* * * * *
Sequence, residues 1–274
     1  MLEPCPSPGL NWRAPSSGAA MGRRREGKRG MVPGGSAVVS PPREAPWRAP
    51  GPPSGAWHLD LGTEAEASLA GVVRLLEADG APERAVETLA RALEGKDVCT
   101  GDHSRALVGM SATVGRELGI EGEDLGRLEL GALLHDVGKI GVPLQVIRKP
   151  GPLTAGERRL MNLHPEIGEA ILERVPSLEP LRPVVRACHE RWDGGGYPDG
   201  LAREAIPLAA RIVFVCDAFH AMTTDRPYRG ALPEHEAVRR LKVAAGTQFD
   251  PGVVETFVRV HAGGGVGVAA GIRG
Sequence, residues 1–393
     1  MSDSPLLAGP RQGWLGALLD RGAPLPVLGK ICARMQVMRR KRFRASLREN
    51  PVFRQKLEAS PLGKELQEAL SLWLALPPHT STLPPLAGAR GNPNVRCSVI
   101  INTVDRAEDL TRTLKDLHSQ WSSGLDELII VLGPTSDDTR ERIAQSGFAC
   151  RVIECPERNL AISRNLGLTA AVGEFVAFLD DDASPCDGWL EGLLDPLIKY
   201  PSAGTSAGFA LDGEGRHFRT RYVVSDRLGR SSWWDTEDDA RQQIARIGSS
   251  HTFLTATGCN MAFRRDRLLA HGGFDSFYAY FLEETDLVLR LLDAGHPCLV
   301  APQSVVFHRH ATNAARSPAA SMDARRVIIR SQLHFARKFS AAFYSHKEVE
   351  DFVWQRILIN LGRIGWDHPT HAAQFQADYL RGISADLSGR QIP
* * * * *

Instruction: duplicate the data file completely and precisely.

Sequence, residues 1–274
     1  MLEPCPSPGL NWRAPSSGAA MGRRREGKRG MVPGGSAVVS PPREAPWRAP
    51  GPPSGAWHLD LGTEAEASLA GVVRLLEADG APERAVETLA RALEGKDVCT
   101  GDHSRALVGM SATVGRELGI EGEDLGRLEL GALLHDVGKI GVPLQVIRKP
   151  GPLTAGERRL MNLHPEIGEA ILERVPSLEP LRPVVRACHE RWDGGGYPDG
   201  LAREAIPLAA RIVFVCDAFH AMTTDRPYRG ALPEHEAVRR LKVAAGTQFD
   251  PGVVETFVRV HAGGGVGVAA GIRG
Sequence, residues 1–393
     1  MSDSPLLAGP RQGWLGALLD RGAPLPVLGK ICARMQVMRR KRFRASLREN
    51  PVFRQKLEAS PLGKELQEAL SLWLALPPHT STLPPLAGAR GNPNVRCSVI
   101  INTVDRAEDL TRTLKDLHSQ WSSGLDELII VLGPTSDDTR ERIAQSGFAC
   151  RVIECPERNL AISRNLGLTA AVGEFVAFLD DDASPCDGWL EGLLDPLIKY
   201  PSAGTSAGFA LDGEGRHFRT RYVVSDRLGR SSWWDTEDDA RQQIARIGSS
   251  HTFLTATGCN MAFRRDRLLA HGGFDSFYAY FLEETDLVLR LLDAGHPCLV
   301  APQSVVFHRH ATNAARSPAA SMDARRVIIR SQLHFARKFS AAFYSHKEVE
   351  DFVWQRILIN LGRIGWDHPT HAAQFQADYL RGISADLSGR QIP